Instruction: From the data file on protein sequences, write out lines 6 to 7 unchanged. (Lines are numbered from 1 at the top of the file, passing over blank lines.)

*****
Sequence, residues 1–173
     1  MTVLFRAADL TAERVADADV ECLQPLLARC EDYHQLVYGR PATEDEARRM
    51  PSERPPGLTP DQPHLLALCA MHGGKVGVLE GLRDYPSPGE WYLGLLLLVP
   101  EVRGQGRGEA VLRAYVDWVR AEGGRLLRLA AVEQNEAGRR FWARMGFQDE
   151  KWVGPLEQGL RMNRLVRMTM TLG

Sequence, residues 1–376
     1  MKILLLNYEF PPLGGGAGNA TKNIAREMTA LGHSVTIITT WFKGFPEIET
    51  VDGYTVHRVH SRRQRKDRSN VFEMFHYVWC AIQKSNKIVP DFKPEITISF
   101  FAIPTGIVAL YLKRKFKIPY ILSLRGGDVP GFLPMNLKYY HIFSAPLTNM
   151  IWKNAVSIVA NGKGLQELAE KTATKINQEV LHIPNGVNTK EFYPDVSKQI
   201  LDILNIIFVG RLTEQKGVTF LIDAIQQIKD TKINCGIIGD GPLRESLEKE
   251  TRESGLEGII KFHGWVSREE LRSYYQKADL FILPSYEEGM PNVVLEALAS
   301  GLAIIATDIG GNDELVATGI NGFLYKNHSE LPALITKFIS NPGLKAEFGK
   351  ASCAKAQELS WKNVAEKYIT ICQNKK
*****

Sequence, residues 1–376
     1  MKILLLNYEF PPLGGGAGNA TKNIAREMTA LGHSVTIITT WFKGFPEIET